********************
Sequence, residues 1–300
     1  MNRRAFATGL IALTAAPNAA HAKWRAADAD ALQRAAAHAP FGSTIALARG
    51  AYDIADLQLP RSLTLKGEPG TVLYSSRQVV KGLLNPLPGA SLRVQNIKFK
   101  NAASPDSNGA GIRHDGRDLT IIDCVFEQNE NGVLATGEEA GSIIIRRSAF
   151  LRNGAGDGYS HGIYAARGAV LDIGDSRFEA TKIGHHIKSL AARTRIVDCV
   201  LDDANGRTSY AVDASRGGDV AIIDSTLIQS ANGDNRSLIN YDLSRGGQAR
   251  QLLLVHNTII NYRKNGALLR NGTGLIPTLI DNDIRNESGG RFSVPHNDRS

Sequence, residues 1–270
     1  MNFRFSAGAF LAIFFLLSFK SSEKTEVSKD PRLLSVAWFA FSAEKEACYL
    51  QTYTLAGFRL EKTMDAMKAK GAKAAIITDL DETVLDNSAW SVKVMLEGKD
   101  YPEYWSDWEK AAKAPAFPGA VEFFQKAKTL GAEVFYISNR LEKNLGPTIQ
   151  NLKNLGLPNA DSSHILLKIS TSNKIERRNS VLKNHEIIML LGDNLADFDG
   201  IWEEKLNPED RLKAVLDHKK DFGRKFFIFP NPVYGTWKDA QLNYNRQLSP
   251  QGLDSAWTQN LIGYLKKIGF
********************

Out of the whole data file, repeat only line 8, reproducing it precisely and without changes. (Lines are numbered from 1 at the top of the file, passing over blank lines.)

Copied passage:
Sequence, residues 1–270